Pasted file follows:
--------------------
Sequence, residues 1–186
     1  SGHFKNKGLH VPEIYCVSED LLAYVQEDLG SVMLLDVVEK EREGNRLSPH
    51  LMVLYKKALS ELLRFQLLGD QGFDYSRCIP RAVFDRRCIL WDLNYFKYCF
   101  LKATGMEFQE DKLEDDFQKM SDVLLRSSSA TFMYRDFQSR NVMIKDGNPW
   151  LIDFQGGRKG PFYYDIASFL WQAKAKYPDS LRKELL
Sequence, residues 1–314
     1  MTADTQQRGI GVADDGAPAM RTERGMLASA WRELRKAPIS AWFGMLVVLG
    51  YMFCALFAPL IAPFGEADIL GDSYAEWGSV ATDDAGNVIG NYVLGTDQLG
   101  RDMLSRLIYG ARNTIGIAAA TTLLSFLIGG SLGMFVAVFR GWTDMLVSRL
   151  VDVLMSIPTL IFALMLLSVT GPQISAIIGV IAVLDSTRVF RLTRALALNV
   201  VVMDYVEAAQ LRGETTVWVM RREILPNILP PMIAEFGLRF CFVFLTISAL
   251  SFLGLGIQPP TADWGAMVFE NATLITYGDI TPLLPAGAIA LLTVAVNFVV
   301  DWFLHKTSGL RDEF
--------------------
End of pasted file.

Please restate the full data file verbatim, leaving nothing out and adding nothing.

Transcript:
Sequence, residues 1–186
     1  SGHFKNKGLH VPEIYCVSED LLAYVQEDLG SVMLLDVVEK EREGNRLSPH
    51  LMVLYKKALS ELLRFQLLGD QGFDYSRCIP RAVFDRRCIL WDLNYFKYCF
   101  LKATGMEFQE DKLEDDFQKM SDVLLRSSSA TFMYRDFQSR NVMIKDGNPW
   151  LIDFQGGRKG PFYYDIASFL WQAKAKYPDS LRKELL
Sequence, residues 1–314
     1  MTADTQQRGI GVADDGAPAM RTERGMLASA WRELRKAPIS AWFGMLVVLG
    51  YMFCALFAPL IAPFGEADIL GDSYAEWGSV ATDDAGNVIG NYVLGTDQLG
   101  RDMLSRLIYG ARNTIGIAAA TTLLSFLIGG SLGMFVAVFR GWTDMLVSRL
   151  VDVLMSIPTL IFALMLLSVT GPQISAIIGV IAVLDSTRVF RLTRALALNV
   201  VVMDYVEAAQ LRGETTVWVM RREILPNILP PMIAEFGLRF CFVFLTISAL
   251  SFLGLGIQPP TADWGAMVFE NATLITYGDI TPLLPAGAIA LLTVAVNFVV
   301  DWFLHKTSGL RDEF